By Ryan Yousefi
By Chuck Strouse
By Terrence McCoy
By Terrence McCoy
By Terrence McCoy
By Michael E. Miller
By Kyle Munzenrieder
By Michael E. Miller
On the face of it, John Stuart Maxwell Blood was pulling a blatant ethnic switcheroo when he became Jason Stuart Eisenberg on February 14. In fact, sounding Jewish was an indirect benefit. Eisenburg's father was an Irish Catholic from Philadelphia, his mother a German Jew. As a tribute to his mother's side of the family, he decided to adopt her maiden name in 1985 (a brother retains Blood). Both Eisenburg and the court lost the 1985 name-change paperwork, so he had to go through the process again this spring to get a passport.
"The last name of Blood isn't all that socially acceptable," points out Eisenburg, who works in marketing on Miami Beach. "And in my field having a Jewish last name doesn't hurt. They ask you your name and you tell them and it's like, 'Hmm, okay, he's one of us.'"
Juan Antonio Marques arrived in Miami on February 2, 1967. The first thing he did was to get a job in a factory. The second was to enroll in an English-language night course at a local high school. Act three was changing his name to John Anthony Marques. On March 6 of this year he went back to Juan Antonio. "At the beginning, when I came to this country, I was stupid enough to change my name to an American name," says Marques. "But time passed by and at this age -- I'm 64 now -- I felt like I was losing my roots. I went back to my natural name. I am still very proud to be an American, part of a democratic society where you can express your own opinions and feelings, your heart. But Juan Antonio is what I was, and it's what I am. It just took me a long time to realize this."
Form 12.982 doesn't directly ask the applicant to state why he or she wants a new name, but some people volunteer an explanation anyway. When Ramon Chester Gonzalez became Raymond Chester Bulit 36 years after moving here from Cuba, he had his lawyer write: "Petitioner desires to adopt an Americanized version of his given name and would also like to adopt his mother's maiden name, and therefore, likes to legalize that name."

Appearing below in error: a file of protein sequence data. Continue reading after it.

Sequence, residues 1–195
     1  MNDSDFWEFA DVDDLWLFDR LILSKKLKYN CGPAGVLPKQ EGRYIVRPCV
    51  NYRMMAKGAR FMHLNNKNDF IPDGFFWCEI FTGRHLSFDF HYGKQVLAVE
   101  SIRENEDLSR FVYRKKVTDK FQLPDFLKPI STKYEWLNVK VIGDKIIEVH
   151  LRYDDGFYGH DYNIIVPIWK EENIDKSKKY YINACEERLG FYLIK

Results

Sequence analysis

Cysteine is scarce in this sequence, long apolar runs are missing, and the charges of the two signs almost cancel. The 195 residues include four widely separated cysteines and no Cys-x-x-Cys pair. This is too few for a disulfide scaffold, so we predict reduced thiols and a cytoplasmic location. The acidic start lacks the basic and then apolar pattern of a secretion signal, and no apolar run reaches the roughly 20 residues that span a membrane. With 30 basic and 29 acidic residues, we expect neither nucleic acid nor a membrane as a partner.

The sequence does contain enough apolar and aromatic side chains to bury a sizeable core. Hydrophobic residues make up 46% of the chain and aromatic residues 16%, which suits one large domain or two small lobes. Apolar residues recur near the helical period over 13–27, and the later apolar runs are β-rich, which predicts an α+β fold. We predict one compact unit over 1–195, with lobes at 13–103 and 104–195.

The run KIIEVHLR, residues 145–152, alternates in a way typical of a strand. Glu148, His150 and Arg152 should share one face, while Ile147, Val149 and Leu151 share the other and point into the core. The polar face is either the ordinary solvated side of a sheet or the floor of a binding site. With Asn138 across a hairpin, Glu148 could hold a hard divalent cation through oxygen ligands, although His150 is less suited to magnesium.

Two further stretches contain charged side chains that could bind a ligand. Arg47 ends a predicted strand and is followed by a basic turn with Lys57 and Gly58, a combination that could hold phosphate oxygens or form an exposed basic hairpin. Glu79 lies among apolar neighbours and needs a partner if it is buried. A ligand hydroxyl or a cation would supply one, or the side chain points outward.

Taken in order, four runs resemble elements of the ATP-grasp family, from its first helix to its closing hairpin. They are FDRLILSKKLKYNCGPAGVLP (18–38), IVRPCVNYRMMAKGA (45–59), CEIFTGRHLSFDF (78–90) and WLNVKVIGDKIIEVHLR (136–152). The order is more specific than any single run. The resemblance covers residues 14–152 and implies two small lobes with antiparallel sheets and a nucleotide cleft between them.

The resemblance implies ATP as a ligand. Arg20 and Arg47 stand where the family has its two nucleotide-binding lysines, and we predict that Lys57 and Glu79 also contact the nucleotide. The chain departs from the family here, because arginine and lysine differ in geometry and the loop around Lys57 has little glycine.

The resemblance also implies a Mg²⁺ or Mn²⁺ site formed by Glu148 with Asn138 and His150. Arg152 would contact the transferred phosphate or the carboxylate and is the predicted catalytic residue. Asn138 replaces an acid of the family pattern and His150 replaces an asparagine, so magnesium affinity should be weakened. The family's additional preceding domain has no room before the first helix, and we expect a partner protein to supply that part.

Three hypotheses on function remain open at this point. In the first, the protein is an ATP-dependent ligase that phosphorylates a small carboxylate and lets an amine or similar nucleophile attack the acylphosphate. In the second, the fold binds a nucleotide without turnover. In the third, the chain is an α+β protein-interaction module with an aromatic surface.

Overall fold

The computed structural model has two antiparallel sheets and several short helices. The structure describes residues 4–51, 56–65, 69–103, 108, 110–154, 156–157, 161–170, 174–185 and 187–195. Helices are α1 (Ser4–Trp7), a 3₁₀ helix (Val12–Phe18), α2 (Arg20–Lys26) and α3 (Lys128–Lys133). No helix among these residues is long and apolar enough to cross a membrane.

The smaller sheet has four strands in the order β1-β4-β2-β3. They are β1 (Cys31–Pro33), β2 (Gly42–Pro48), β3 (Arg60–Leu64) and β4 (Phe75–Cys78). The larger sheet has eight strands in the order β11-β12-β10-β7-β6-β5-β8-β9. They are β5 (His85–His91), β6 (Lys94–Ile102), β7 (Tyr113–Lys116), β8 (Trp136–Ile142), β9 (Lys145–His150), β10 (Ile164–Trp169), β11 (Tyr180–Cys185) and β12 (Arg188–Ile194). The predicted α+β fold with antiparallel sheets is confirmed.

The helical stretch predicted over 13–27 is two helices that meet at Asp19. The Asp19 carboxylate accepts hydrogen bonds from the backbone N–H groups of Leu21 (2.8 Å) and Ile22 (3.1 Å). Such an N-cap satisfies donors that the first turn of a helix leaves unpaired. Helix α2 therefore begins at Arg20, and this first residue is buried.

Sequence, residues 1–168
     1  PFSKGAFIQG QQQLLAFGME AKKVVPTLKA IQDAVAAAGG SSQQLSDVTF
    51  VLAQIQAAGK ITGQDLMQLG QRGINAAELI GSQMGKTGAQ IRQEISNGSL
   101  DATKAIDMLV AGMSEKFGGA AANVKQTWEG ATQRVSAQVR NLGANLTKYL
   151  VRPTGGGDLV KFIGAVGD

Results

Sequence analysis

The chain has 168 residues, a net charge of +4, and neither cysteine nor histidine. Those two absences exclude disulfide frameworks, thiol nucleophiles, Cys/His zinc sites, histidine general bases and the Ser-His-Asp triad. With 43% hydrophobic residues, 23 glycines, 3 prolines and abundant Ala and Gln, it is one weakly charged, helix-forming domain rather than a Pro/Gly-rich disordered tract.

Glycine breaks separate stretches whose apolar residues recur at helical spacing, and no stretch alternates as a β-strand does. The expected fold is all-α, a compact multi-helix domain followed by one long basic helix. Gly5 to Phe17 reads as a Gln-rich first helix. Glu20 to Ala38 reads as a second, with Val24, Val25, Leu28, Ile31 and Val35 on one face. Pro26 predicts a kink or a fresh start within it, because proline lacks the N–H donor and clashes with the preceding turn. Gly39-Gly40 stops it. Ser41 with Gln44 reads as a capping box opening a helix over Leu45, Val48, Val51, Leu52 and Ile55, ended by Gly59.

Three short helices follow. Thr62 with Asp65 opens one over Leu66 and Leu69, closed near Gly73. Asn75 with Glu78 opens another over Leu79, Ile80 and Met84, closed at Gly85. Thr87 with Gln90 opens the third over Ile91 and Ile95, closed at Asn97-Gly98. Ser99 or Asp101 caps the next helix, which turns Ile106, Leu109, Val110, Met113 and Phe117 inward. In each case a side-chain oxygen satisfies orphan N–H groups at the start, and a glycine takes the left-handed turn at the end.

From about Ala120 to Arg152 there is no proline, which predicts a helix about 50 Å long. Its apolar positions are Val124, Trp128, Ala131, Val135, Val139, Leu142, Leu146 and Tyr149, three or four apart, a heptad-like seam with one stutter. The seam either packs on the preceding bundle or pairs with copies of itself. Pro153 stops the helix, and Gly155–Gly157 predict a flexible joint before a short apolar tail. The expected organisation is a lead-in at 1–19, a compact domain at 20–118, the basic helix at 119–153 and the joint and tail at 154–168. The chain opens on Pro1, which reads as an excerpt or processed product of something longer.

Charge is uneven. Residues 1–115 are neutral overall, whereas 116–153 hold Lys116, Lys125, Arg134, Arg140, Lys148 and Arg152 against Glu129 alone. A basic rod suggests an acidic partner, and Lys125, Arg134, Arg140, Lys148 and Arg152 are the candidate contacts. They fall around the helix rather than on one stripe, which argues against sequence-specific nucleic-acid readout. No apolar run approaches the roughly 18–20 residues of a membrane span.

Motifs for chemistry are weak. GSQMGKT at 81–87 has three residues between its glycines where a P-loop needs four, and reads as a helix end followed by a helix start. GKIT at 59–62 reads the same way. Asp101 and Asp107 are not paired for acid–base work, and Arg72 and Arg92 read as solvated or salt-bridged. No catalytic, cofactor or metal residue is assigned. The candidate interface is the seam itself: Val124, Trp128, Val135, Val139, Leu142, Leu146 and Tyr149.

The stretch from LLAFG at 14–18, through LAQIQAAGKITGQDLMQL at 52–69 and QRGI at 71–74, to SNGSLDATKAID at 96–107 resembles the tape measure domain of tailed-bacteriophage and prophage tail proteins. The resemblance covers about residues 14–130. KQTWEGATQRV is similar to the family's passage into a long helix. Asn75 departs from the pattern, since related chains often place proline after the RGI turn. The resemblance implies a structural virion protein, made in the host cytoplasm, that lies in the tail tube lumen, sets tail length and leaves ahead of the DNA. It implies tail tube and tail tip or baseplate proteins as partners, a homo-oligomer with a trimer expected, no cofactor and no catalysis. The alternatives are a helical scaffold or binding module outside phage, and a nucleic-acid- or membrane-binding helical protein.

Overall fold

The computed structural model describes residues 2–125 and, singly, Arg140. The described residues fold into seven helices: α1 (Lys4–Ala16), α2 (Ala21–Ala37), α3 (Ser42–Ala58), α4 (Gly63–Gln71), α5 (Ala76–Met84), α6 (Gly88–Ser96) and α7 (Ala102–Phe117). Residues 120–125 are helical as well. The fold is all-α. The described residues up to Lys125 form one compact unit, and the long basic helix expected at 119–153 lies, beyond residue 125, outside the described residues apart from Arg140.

Even more to the point was Jean Primi de Vicente, born 26 years ago in Mexico and originally named J. Primitivo de Vicente: "The petitioner desires to have his name changed because he dislikes his current name." This past April 9, attorney Doug Stratton presented the following explanation for another change, in the chambers of Judge Lawrence A. Schwartz: "Barbara DiBenedetto, beginning in the year 1980, entered into a long course of psychiatric and psychological counseling with the goal being a sex-change operation and, as part and parcel of this process, legally petitioned for a change of name from Richard DiBenedetto to Barbara DiBenedetto. The planned operation has been abandoned, and your Petitioner has been living as Richard DiBenedetto."
Name changes, the linguistic equivalent of body piercing or tattooing, are neither cheap nor painless. The filing fee for the necessary documents in Dade County is $171. Gum up the works with a lawyer, as most applicants do, and the cost goes up by as much as $350. Only one person in the last six months (Miss Misu) availed herself of the one-page Affidavit/Certificate of Indigence, thereby pulling off the whole operation for free.
"I disrespect the court for making me pay for this," fumes the former Leon Westley Ivery, now Hamza Khalid. "I had to go get the forms, deal with the arrogance of the clerks down there, sit there and listen to their comments about what a nice name I had and why would I want to change it. As far as I'm concerned, this is a change-my-name-back situation. I don't think it was right for me to carry a European name all my life. They didn't take Kunta Kinte in a court and tell him did he want to be called Toby. Hey, you beat the shit out of my ancestors and called them Johnsons and Iverys. I think the government should be paying me a name-change fee.
"I've used the name Hamza since 1973 when I became a Muslim, but it's just since I got into Dade County that I thought about making it legal. I've never encountered such racism and prejudice. I'd be standing there in the elevator and they're talking about African Americans like they were dogs.
"Hamza is the prophet Mohammed's uncle. Khalid means immortal and forever. Since I changed my name I've encountered better acceptance, better respect. People are curious. The name says, You don't define me, I define me. Names are important. If they weren't, we wouldn't have them. Names express your history and geography, your personality, your character and your demeanor. If you don't think your name is important, forget it for a week. They have to put you on TV and ask who is this guy we found on the street? A man without the knowledge of his roots is a dead man."
Khalid, a 49-year-old businessman and a Nation of Islam adherent, notes that he's not surprised that the largest identifiable group of name changelings in Dade County comprises American-born blacks adopting Arabic or African appellations. "Back in the Seventies people didn't just go around picking names," he asserts. "Now they do. For some it's a fad, but for a lot of people it's not a fad at all. The young people have a new consciousness. And we are not doing this to say thumbs up America's ass. The mere fact that people can change their names says that if black Americans want to get to know themselves, explore their deeper identities, then America will help them do it."